In selecting valvesprings, the load must be sufficient to provide control for the application, preferably with a margin of extra capacity, while not overwhelming the limits of the mechanical parts. Just where these limits are depends upon the type of camshaft, and just as importantly, the quality of the valvetrain parts. Roller camshafts-such as the one in our 509 big-block here-can tolerate far more spring load than their flat-tappet counterparts, and most manufacturers will base the spring recommendation upon the type of camshaft and the requirements of the lobe design and intended rpm range. Spring loads are given in terms of seat load and open load, which provide the range of spring force over the operating range of the camshaft. Since a spring's force is dependent upon the amount of compression, it is important to pay attention to the actual installed height of the spring.

The installed height is the foundation for correctly setting up the valvesprings. Generally, the manufacturer will provide a specification of spring load at a given installed height, but it is up to the engine builder to confirm the installed height by direct measurement. Once the installed height is determined, the spring can be checked on a spring testing fixture to confirm the spring load at that height, and the noted load can be compared to the requirements of the application. The seat load can be adjusted up by adding shims to reduce the installed height, or the installed height is sometimes increased via retainer and/or valve lock changes or cylinder head machining to reduce the load.

Seat load is only half the picture, however, with open load being the other half. Open load is the amount of force applied by the spring when it is fully compressed at peak lift. Clearly, the first bit of information needed here is just how much lift is being delivered. While the camshaft specifications and rocker ratio can be used to determine the maximum valve lift, the most accurate means is through direct measurement. This is accomplished via mocking up the valvetrain and recording max lift with a dial indicator at the retainer. Subtracting the amount of valve lift from the installed height will provide the open height of the valvespring. The spring can be tested on a valvespring testing fixture at this height to determine the true open load. The seat and open load provided by the spring can then be compared to the requirements of the camshaft. Often, the expertise of the engine builder plays a major role in determining how much seat and open load is appropriate for a given engine combination.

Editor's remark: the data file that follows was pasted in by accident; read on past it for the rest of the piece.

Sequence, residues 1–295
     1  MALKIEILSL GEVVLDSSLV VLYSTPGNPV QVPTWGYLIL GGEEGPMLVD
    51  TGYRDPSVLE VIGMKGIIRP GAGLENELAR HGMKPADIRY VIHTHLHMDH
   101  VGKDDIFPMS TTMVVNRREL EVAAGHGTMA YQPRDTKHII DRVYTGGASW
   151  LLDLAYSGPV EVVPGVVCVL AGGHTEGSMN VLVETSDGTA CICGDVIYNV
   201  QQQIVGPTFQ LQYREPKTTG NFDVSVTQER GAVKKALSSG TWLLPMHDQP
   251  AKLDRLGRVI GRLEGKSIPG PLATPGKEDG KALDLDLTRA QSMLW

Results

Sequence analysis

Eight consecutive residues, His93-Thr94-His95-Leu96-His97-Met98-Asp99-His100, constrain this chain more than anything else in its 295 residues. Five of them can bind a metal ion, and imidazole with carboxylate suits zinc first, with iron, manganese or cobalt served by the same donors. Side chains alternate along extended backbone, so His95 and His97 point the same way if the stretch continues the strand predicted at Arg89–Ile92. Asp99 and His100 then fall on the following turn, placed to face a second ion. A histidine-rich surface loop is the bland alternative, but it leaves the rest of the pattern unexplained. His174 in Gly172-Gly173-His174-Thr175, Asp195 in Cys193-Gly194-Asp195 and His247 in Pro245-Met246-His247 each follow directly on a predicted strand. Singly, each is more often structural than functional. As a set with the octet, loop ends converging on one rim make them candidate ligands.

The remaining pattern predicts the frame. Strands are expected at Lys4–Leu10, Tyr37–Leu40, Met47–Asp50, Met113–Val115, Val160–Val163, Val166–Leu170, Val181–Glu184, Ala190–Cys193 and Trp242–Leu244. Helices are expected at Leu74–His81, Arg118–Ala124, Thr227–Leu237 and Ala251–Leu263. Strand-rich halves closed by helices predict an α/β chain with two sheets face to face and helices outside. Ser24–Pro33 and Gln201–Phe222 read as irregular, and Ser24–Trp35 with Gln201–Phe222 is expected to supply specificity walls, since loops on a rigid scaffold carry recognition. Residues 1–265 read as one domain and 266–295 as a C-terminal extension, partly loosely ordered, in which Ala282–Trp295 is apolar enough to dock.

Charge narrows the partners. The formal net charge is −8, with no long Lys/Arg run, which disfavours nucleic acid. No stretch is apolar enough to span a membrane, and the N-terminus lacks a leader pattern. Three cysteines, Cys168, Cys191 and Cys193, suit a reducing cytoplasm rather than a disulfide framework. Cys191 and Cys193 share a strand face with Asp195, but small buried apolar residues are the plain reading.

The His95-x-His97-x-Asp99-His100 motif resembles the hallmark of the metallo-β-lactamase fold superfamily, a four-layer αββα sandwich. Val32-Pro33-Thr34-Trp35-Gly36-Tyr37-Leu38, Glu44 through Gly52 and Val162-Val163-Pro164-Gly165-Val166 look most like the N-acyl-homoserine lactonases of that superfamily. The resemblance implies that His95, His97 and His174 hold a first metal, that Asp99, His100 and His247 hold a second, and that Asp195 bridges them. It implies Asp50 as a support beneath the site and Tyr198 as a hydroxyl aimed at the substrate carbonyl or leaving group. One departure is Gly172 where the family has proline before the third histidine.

Another critical aspect to be aware of when contemplating a spring combination is the coil bind clearance. The coil bind height simply refers to the height at which the valvespring coils are stacked solid. This specification is listed for most springs in the manufacturer's catalog, or it can be directly measured. Clearly, this relates the spring's physical design to the installed height and the valve lift at which it will be used. As noted, the installed height minus the maximum lift at the valve gives the open height specification. This open spring height has to be above the coil bind height of the spring, plus a margin of safety. Allowing 0.060 inch to coil bind is generally considered a safe margin.